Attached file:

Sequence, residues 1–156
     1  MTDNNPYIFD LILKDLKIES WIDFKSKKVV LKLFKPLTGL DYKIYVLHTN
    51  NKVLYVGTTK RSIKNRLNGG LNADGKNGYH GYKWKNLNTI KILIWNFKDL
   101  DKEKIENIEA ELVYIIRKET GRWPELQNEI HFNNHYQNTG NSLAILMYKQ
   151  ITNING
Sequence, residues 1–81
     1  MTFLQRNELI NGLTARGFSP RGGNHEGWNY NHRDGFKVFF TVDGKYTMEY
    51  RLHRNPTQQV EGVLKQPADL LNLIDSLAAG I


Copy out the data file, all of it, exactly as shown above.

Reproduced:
Sequence, residues 1–156
     1  MTDNNPYIFD LILKDLKIES WIDFKSKKVV LKLFKPLTGL DYKIYVLHTN
    51  NKVLYVGTTK RSIKNRLNGG LNADGKNGYH GYKWKNLNTI KILIWNFKDL
   101  DKEKIENIEA ELVYIIRKET GRWPELQNEI HFNNHYQNTG NSLAILMYKQ
   151  ITNING
Sequence, residues 1–81
     1  MTFLQRNELI NGLTARGFSP RGGNHEGWNY NHRDGFKVFF TVDGKYTMEY
    51  RLHRNPTQQV EGVLKQPADL LNLIDSLAAG I